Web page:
Victim remembered

Victim remembered
May 07
00:00 2014
(pictured above: Flowers and candles sit near the spot where Jerome France died last month after he was intentionally hit by a pick-up truck.)

The life of Jerome Dwayne France was celebrated last Thursday near the site where it came to a savage end.

news, france2More than 150 of France’s family members and friends gathered for a solemn vigil near the intersection of New Walkertown Road and Martin Luther King Jr. Drive. France died in that immediate vicinity in the wee hours of April 27 after being struck by a pick-up truck driven by Travis Scott Weakley, 27, who has been charged with second-degree murder and felony hit and run. France had turned 39 just the day before his death.

At the vigil – which included the lighting of candles and erecting of a makeshift floral memorial – loved ones recalled France’s big heart, wide smile and his love of the Lord.

“He was a good man. He cared for his kids,” said Dimico Gore, 22, one of France’s seven children.
France had had entanglements with the criminal justice system and spent time behind bars, but Gore said his dad had left that life far behind.

Dimico Gore (left) and his friend Rashon Brooks stand over a makeshift memorial for Gore’s father, the late Jerome Dwayne France.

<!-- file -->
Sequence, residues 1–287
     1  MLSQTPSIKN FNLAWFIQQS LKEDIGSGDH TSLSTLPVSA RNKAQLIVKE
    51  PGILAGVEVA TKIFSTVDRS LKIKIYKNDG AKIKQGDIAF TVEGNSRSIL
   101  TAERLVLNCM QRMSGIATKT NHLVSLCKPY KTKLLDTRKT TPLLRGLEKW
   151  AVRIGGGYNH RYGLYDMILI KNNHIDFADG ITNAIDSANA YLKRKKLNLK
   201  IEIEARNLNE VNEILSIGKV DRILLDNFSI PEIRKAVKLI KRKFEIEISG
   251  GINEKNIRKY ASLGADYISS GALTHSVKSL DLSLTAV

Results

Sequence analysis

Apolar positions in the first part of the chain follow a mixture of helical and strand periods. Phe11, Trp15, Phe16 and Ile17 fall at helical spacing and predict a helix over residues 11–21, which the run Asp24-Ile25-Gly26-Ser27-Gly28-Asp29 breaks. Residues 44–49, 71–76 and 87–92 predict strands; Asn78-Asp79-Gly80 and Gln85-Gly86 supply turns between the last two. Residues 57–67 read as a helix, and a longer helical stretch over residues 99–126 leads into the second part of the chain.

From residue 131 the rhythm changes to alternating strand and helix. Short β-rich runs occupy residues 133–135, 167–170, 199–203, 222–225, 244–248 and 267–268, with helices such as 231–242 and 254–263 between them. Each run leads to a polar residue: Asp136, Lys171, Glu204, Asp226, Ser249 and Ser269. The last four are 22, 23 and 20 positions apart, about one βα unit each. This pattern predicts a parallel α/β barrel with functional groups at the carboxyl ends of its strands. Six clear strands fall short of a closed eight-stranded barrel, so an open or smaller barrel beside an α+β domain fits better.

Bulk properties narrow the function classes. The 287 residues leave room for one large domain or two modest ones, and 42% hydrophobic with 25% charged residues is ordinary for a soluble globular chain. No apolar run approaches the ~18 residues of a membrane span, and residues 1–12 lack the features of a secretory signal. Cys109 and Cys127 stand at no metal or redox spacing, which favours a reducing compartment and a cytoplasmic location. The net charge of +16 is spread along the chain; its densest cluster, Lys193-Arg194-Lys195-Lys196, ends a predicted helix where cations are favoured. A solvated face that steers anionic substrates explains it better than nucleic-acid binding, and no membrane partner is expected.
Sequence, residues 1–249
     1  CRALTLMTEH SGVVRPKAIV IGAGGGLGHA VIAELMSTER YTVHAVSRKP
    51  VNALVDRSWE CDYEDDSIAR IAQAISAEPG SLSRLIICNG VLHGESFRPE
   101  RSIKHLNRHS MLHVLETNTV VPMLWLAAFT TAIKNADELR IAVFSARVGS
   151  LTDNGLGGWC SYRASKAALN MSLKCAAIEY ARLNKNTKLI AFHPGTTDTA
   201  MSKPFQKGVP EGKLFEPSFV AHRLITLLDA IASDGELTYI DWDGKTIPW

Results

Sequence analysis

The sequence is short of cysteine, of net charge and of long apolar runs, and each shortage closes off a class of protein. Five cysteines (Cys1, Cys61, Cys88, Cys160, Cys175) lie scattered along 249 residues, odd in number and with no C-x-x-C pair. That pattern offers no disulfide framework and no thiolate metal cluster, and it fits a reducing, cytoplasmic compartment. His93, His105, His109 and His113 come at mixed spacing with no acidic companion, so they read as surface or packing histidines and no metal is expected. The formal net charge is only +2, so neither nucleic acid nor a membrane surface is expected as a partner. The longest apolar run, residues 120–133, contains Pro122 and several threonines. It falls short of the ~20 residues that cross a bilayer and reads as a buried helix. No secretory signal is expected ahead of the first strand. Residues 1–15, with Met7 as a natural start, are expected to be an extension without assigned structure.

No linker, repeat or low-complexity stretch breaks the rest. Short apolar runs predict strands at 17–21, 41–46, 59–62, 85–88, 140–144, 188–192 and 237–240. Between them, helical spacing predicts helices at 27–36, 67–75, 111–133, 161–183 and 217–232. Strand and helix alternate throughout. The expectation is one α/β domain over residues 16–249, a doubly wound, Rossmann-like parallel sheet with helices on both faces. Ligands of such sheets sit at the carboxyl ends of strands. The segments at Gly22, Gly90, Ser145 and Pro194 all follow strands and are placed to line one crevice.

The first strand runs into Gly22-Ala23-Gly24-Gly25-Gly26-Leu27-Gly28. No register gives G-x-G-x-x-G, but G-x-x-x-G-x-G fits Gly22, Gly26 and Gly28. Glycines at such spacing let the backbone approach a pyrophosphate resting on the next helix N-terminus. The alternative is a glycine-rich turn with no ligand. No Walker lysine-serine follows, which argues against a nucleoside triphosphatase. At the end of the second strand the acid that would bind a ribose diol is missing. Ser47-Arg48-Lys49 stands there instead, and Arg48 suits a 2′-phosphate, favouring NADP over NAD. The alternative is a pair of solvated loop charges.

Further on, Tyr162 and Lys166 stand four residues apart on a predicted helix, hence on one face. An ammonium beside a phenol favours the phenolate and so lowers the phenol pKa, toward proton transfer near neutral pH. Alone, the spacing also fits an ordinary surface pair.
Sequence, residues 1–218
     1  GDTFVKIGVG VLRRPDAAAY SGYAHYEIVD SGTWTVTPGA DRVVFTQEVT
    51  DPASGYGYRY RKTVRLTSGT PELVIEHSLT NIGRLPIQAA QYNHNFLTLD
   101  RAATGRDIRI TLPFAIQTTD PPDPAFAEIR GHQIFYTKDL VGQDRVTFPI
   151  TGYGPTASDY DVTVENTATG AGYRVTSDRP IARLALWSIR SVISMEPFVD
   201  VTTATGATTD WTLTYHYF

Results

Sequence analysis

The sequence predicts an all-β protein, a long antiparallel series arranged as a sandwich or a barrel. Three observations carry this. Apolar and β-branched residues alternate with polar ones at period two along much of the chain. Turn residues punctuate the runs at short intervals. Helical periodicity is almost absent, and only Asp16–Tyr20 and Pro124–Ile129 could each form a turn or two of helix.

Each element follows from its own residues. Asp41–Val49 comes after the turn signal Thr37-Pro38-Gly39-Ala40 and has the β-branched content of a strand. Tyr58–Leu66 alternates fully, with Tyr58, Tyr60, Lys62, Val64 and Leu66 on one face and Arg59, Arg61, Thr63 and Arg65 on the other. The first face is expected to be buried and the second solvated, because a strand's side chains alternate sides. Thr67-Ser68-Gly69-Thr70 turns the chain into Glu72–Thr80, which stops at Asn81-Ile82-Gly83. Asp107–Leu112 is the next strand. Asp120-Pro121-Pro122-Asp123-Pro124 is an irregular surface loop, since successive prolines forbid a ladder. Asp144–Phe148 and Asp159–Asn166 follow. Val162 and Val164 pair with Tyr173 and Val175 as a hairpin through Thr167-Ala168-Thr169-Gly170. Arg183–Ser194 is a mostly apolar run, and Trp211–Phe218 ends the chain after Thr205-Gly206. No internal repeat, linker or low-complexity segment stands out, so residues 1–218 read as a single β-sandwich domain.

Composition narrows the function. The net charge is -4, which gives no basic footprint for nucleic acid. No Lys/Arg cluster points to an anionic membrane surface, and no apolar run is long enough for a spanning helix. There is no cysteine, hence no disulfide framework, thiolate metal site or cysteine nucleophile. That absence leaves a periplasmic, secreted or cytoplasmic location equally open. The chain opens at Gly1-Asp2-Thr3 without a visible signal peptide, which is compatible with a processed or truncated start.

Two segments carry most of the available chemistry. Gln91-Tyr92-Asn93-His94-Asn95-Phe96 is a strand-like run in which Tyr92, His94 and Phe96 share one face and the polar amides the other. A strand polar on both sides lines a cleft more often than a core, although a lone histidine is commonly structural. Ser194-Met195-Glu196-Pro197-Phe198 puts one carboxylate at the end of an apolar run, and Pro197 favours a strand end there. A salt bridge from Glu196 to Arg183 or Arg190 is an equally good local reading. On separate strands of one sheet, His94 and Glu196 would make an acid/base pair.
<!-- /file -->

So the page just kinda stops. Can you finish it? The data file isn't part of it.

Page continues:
Dimico Gore (left) and his friend Rashon Brooks stand over a makeshift memorial for Gore’s father, the late Jerome Dwayne France.

“He was getting his life right. He went to church every Sunday,” said Gore, who like many at the vigil, wore a white t-shirt with images of France screen-printed across it.

It is unclear what precipitated Weakley’s actions. Police say that France was a passenger in Weakley’s truck prior to him being struck.

“The investigation revealed that Mr. France and Mr. Weakley were involved in an altercation just prior to the collision,” a police report states.

Gore said he doesn’t believe his father knew Weakley, who has prior convictions for felony breaking and entering and resisting arrest.

“He didn’t even know the dude; he was just getting a ride,” Gore said. “Whatever happened in the car, I really don’t know.”

France’s is the lastest in a spate of homicides that have bedeviled police. His was the sixth homicide of 2014. Last year at this time, there had been only one murder. France’s case is rare. The victim was African American, and the assailant is white. In the vast majority of homicides and other serious crimes, the victim and the perpetrator are the same race. At a community forum in March that addressed violent crime, Winston-Salem Assistant Police Chief Wilson Weaver said that locally more than 90 percent of the crimes against blacks are perpetrated by other blacks.

Weakley is in the Forsyth County Detention Center under a $750,000 bond. His court date has been scheduled for May 15. France was laid to rest on Saturday.

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T. Kevin Walker

T. Kevin Walker

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